For full details on the LRR-MIL reticle please check S&Bs own datasheet pdf here, where you can magnify the reticle better if you like.
Here is also a list of some of the reticles offered by S&B: check here.
TFB did a long article on Finnaccuracy’s Multipurpose Sniper Reticle II (MSR II) which you can check as a reference. It is also a contender to get the same job done.
Another recommended reticle would be the GR²ID for Practical Long Range Sports Competitors. This reticle has a central dot of 0.05 MRAD size, 5 mm at 100 meters. Small, yet more than 3 times the size of LRR-MIL.
And here you can see the LRR-MIL reticle in action:
“Our new LRR-MIL reticle in action!”
Below: The new Flower Power mount from Spuhr. Truth is it was so stormy outside I couldn’t even place the mount on the table without it moving.
According to S&B, the LRR-MIL reticle will be offered as a first focal plane reticle design in the following four PM II models: 3-20×50 Ultra Short, 5-25×56 (tested here), 3-27×56 High Power, and 5-45×56 High Power.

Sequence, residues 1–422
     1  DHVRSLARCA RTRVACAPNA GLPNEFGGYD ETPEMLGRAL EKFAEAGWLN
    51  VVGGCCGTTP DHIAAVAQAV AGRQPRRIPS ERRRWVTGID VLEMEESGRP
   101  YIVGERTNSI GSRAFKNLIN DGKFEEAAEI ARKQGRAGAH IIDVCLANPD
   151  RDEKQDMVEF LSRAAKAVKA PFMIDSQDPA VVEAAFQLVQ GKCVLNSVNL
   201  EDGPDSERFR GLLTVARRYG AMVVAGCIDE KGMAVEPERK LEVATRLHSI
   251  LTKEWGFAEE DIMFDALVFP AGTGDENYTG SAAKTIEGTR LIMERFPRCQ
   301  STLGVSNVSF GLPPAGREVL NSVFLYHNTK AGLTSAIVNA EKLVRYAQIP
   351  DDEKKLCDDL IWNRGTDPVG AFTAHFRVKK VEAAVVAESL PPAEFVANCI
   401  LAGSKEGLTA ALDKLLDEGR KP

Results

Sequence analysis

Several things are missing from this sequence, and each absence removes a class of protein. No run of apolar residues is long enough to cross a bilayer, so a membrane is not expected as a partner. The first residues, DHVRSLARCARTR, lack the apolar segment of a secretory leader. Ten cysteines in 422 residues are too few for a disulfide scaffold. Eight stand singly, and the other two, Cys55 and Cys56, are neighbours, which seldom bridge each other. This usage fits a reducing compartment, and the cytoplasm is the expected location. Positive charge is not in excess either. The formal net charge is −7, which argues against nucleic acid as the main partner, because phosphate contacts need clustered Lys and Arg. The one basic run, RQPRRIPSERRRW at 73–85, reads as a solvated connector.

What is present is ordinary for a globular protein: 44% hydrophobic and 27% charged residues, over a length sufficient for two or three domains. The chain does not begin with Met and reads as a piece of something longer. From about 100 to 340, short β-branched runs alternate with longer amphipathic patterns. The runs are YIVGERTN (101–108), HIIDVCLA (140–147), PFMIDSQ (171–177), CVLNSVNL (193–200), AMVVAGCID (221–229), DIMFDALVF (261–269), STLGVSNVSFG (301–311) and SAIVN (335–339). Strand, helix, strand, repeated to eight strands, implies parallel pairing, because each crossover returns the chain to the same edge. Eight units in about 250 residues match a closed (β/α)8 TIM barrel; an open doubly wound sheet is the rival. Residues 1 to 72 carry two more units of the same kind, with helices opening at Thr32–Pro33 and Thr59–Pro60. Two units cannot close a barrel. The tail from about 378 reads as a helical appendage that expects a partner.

Below is a video I found which explains the scope and the reticle:
Shaun from OpticsWarehouse.co.uk chats about Schmidt & Bender’s NEW LRR-Mil (Long Range Reticle-Mil) which is a milliradian based intelligent reticle designed for the tactical precision shooter.
Spuhr Mount SP-4602
There were zero issues with the Spuhr mount. In fact, over the years I can’t recall having any issues at all with any of my Spuhr mounts. The only support I ever needed was help to chose the correct mount for my application, and Spuhr has great pre-sales support.